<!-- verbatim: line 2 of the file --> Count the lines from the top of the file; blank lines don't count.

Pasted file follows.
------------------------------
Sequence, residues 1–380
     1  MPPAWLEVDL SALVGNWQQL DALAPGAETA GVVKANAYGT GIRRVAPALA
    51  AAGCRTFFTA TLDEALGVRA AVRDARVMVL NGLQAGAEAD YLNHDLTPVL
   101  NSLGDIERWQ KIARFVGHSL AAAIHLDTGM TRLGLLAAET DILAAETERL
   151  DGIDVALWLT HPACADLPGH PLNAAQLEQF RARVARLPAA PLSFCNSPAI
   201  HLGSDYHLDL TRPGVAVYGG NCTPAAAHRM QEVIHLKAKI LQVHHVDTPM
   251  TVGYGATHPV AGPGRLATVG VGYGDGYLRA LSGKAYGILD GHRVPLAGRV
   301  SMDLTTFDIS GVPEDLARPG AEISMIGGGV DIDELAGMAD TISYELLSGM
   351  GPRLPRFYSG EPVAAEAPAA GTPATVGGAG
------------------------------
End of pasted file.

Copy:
     1  MPPAWLEVDL SALVGNWQQL DALAPGAETA GVVKANAYGT GIRRVAPALA